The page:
Caribbean Umbraculum - mating

April 7, 2003
From: Dee Scarr

Several years ago, in March, I discovered my first Umbraculum, under the Pier here on Bonaire, in the Netherlands Antilles, just north of Venezuela. I kept track of the critter until one day I found only its shell. I never saw another one - or thought to look for one, actually - until last month, when I found one on a night dive. Two days later I dived to find it, and found only the shell.

This time, though, it struck me that there might be more. Two days ago I found two individuals, about 15' apart: both were partly buried in sand, one up next to a rock and the other in the middle of a sand patch. This afternoon [4 April 2003] when I returned to try to photo them, I found the one in the sand patch easily, and began taking photos. Suddenly I noticed the second individual, just below the first but almost completely buried in the sand, front to front with the first. If this isn't a mating, it's just before or just after one, I think. The attached photos aren't the quality I'd hoped for, but I may have had better luck with film; I'll know tomorrow.

The eggs would be likely to be deposited under a rock ledge? A ribbon spiral about the same diameter as the parent? Do you think it's likely that their appearance is related to mating, or is it just coincidence I've only seen them during this time of year?

Thanks for any info you can give me on this fascinating creature.
Dee Scarr

Scarr, D., 2003 (Apr 7) Caribbean Umbraculum - mating. [Message in] Sea Slug Forum. Australian Museum, Sydney. Available from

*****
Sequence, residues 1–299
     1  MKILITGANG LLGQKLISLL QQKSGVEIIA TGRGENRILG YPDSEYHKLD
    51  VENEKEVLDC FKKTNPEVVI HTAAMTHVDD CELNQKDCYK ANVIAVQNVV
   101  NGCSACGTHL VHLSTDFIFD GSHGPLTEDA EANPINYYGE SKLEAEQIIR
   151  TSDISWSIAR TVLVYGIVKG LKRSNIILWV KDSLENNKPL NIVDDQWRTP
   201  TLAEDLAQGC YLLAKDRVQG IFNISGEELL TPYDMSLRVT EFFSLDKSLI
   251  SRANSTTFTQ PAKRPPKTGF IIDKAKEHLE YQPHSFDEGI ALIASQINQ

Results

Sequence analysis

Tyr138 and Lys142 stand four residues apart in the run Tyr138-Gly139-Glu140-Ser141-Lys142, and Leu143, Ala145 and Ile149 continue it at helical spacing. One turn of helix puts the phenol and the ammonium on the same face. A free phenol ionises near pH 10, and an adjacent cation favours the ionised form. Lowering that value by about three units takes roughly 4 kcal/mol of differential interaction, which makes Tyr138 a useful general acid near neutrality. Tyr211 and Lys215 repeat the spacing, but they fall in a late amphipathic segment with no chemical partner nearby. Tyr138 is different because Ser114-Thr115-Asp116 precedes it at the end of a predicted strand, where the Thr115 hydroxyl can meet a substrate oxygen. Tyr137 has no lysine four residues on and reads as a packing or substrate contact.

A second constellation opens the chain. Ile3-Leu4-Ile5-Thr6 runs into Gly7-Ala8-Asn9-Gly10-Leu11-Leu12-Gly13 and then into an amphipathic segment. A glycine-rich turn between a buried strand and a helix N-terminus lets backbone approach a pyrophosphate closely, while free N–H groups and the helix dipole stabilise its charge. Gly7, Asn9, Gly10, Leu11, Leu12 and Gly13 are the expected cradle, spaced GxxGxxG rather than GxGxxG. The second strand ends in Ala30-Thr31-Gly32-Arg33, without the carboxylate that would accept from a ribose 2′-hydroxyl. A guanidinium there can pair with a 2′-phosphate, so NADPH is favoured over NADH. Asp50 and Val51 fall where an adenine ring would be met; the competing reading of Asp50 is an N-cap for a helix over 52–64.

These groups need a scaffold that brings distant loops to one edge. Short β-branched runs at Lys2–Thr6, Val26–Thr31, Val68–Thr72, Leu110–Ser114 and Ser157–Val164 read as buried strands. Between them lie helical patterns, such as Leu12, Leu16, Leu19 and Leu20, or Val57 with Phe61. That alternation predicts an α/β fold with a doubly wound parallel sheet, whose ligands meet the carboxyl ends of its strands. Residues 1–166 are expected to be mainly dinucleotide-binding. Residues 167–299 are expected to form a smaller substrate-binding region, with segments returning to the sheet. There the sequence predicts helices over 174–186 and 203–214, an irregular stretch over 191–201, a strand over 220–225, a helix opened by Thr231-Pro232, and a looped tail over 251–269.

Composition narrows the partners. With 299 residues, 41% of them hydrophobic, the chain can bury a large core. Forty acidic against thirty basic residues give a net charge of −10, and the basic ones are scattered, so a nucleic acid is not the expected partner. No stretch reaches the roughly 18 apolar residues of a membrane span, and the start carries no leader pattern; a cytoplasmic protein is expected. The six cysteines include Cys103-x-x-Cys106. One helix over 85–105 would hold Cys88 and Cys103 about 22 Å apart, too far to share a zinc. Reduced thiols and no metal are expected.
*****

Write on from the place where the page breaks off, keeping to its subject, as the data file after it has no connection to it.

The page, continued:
Dear Dee,
Thanks for these interesting observations. I have put a pointer to what I guess is the gap between the shell and the body of the buried slug in both your photos. I don't think I have seen photos of Umbraculum mating so that's a first. As you will see in my earlier discussion of Ross Willis' photo of Umbraculum, this animal has its penis and female genital opening right at the front of the body below the head tentacles and above the mouth so I guess they can only mate by standing head to head. If you see them doing this again it would be of great interest to find out how they actually mate. We know very little about the biology of Umbraculum and there is some debate about whether the the structure I have identified in Ross Willis's photo is the actual penis or whether it is an external accessory flap. Pruvot-Fol (1960) has suggested that she thinks there is a penial papillae which is only visible when it is everted during copulation. It's probably not the easiest thing to do [or see] but if you do see a couple mating again perhaps you could gently pull them apart and see if the 'penis' is inserted in its partner or whether there is a thin white tube inserted instead.

Concerning the egg ribbon. There is a photo in Peggy Cable's message. It looks a bit 'limp' because it as out of water at low tide, but it gives you an idea of what the ribbon should look like. I don't know if their appearance is related to mating. Umbraculum lives for at least a year and I assume that it stays quite close to its food sponge most of the time. I guess it's possible they may go 'looking' for a partner away from their sponge when they reach sexual maturity, but as far as I know, their biology and natural history has never been studied in any detail.

Look at the other messages on this page and also have a look at the Umbraculum umbraculum. Although I have put your message on the Umbraculum mediterraneum page, as you will see in earlier discussions, it is probable that there is only one species of Umbraculum, and it has a worldwide distribution.
Best wishes
Bill Rudman

Rudman, W.B., 2003 (Apr 7). Comment on Caribbean Umbraculum - mating by Dee Scarr . [Message in] Sea Slug Forum. Australian Museum, Sydney. Available from

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